- Investors can tender shares July 21-Aug. 3 in extended offer
- Chinese company had set target of at least 30% of Kuka shares
China’s Midea Group Co. said it has almost 86 percent of Kuka AG’s shares, advancing a 4 billion-euro ($4.4 billion) bid to buy the German robot maker that has seen opposition from German politicians.
A total of 72.18 percent of the share capital was tendered in the offer that ended July 15 and Midea already held 13.51 percent of the German robot maker’s stock, the Foshan-based company said Monday in a statement. Midea, who had set a minimum acceptance at 30 percent, extended the period investors can tender their shares until August 3.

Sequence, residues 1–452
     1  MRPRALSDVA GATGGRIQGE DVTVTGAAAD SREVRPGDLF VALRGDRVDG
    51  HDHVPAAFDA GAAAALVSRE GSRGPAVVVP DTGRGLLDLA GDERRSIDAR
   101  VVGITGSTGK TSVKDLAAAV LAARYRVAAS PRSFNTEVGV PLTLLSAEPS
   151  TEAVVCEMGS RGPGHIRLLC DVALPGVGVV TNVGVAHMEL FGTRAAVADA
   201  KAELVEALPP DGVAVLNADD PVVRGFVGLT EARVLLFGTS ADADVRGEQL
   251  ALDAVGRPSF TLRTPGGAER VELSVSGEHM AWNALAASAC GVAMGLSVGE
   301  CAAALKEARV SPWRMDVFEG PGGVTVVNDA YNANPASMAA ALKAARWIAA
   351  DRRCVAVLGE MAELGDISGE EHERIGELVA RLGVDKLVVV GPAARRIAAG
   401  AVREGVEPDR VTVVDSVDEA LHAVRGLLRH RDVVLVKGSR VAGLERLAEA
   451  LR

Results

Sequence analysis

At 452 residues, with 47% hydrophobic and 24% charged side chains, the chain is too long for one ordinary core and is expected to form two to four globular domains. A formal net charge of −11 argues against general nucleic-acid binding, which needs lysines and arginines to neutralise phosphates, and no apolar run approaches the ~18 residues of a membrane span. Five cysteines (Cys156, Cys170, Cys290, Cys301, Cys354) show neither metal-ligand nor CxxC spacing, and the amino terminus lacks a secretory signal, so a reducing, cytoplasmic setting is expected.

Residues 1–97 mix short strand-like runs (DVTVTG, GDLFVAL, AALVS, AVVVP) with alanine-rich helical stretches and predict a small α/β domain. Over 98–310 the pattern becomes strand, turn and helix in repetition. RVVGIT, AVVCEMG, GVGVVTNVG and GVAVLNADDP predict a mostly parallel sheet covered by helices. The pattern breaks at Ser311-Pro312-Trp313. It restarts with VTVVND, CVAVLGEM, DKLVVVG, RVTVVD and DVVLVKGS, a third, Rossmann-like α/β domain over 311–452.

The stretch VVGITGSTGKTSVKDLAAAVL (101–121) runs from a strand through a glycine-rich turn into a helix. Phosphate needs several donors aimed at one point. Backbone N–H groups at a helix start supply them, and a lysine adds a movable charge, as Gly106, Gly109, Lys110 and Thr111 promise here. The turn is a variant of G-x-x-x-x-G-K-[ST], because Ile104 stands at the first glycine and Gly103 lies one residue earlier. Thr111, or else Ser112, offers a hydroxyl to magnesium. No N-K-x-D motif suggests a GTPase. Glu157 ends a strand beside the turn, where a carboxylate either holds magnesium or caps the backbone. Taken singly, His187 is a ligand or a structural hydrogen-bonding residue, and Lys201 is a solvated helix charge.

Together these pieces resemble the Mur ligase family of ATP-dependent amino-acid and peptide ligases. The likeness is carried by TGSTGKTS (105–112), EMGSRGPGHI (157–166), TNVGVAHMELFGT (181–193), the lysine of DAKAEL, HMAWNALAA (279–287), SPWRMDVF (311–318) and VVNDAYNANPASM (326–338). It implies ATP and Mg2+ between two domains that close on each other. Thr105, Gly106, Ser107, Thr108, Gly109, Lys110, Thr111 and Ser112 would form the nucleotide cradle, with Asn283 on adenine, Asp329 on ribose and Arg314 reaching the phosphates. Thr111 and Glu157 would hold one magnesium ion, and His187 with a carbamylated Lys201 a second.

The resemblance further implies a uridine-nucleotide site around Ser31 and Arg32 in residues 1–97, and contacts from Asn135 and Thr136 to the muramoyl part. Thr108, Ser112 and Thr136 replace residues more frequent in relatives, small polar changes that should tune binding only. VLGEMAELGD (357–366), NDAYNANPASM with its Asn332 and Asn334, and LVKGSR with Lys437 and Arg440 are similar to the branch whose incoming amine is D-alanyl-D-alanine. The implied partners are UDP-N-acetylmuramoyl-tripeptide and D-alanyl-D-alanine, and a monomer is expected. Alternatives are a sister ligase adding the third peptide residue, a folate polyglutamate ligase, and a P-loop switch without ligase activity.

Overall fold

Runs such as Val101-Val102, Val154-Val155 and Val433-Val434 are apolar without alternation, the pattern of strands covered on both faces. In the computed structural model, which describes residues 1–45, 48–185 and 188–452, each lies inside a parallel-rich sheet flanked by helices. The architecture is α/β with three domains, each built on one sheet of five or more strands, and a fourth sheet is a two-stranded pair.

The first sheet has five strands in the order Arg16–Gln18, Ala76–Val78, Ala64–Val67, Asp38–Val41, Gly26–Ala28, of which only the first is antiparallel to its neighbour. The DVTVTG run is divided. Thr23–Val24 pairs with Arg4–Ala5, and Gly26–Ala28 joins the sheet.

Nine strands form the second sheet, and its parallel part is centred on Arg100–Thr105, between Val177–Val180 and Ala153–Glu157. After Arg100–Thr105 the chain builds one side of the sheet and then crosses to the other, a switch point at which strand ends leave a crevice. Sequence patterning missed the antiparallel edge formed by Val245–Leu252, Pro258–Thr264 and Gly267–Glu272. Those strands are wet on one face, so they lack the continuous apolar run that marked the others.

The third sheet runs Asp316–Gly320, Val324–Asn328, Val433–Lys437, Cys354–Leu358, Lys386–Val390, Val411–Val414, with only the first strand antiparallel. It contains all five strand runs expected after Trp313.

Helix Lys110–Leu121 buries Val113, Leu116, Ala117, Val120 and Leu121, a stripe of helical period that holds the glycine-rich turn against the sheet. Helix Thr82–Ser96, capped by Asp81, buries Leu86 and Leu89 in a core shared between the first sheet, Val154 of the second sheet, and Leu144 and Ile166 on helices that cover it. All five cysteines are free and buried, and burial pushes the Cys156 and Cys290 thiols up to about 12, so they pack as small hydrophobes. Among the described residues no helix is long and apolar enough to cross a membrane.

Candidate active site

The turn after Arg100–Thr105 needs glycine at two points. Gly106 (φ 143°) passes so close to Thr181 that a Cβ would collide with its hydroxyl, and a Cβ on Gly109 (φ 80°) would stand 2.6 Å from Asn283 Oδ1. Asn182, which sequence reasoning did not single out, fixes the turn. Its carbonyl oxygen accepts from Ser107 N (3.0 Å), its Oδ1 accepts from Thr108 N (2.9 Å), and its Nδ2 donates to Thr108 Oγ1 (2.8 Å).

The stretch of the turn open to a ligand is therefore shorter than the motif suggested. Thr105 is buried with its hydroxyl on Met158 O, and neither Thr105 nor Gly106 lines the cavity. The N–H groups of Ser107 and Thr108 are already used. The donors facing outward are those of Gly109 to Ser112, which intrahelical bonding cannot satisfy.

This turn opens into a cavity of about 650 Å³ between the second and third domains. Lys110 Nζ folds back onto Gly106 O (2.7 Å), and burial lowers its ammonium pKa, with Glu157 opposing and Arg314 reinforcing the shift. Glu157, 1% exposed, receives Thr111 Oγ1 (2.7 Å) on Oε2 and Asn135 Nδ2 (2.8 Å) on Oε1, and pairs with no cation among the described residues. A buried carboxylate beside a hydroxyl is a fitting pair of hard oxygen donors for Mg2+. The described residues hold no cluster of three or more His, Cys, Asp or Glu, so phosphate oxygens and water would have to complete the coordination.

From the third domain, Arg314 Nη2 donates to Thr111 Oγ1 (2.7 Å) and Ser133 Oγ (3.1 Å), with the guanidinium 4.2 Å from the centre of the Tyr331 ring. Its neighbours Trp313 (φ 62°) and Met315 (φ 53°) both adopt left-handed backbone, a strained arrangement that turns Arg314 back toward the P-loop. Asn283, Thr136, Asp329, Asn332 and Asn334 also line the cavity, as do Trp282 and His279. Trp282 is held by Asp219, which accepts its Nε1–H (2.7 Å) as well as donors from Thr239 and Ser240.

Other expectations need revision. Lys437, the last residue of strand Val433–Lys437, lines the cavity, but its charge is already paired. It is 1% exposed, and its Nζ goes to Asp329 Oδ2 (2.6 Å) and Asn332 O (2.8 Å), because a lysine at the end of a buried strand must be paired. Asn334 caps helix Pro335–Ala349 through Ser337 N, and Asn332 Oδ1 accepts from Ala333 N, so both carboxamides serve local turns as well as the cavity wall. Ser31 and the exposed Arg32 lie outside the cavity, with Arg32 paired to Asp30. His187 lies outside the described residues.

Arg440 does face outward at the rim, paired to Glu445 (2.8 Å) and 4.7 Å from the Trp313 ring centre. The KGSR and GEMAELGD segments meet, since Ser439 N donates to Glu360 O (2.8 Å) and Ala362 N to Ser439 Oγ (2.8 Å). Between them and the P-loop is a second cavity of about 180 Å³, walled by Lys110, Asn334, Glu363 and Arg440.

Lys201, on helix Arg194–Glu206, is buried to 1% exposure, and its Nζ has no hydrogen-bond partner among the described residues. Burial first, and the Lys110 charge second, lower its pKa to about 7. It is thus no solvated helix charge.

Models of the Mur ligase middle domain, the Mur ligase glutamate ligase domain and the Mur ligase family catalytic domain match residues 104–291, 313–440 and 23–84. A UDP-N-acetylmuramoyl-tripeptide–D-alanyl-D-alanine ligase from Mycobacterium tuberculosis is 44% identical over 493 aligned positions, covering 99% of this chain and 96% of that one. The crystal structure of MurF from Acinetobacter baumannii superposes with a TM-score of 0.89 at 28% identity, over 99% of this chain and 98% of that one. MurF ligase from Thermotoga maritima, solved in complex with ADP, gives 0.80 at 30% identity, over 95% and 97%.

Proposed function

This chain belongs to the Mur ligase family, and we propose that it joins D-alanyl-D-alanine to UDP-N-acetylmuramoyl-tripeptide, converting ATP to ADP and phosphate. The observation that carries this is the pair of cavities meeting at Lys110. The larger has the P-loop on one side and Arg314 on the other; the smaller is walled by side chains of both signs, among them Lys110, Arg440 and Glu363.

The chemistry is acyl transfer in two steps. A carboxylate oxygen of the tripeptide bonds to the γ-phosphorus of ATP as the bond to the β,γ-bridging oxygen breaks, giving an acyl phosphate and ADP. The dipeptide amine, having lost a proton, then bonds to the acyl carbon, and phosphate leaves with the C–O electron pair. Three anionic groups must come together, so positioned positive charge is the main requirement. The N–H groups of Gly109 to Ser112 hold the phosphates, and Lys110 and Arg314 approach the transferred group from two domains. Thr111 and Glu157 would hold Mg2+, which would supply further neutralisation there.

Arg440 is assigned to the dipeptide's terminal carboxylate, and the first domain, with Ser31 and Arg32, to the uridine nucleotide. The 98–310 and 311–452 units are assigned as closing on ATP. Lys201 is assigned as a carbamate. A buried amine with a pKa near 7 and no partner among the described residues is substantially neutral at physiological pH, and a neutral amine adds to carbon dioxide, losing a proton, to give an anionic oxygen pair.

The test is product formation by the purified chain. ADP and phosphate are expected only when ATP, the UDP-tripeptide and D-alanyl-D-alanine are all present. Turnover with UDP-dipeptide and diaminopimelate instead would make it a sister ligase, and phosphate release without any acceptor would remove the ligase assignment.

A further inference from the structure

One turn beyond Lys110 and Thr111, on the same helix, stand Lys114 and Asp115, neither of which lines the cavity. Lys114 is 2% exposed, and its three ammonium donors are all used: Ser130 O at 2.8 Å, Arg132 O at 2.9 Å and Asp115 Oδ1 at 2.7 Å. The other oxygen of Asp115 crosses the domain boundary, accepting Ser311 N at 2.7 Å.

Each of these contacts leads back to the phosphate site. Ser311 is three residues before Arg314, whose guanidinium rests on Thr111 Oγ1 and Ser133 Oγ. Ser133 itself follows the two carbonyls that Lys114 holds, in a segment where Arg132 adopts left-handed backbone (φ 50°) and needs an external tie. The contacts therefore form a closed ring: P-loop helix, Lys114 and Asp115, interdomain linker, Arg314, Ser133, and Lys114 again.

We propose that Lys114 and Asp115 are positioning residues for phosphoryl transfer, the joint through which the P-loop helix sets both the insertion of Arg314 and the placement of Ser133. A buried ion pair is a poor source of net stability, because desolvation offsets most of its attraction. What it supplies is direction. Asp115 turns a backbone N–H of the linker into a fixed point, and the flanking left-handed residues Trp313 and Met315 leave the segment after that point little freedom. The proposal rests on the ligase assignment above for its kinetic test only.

“From Midea’s point of view, the more the better,” said Juliette Liu, an analyst at Yuanta Securities Co. “If Midea can get total control it would be greatly beneficial for their plans to expand Kuka’s business in China.”
Midea’s offer has the backing of Kuka’s management and shareholders Voith GmbH and Friedhelm Loh have already tendered their shares. German politicians have been critical of the deal with Vice-Chancellor Sigmar Gabriel seeking but not finding an alternative buyer from Europe.
The Chinese company gave Kuka assurances that jobs and plants in Germany will be protected until the end of 2013. It also agreed not to pursue a domination agreement or de-listing of the Augsburg-based company’s shares.
“Today we have reached an important milestone in the expansion of our partnership with Kuka, which offers great value-creation potential for both companies,” said Paul Fang, chairman and chief executive officer of Midea.“The investor agreement between Kuka and Midea sets out the future cooperation in detail. We want to help Kuka to grow and expand the business, especially in China.”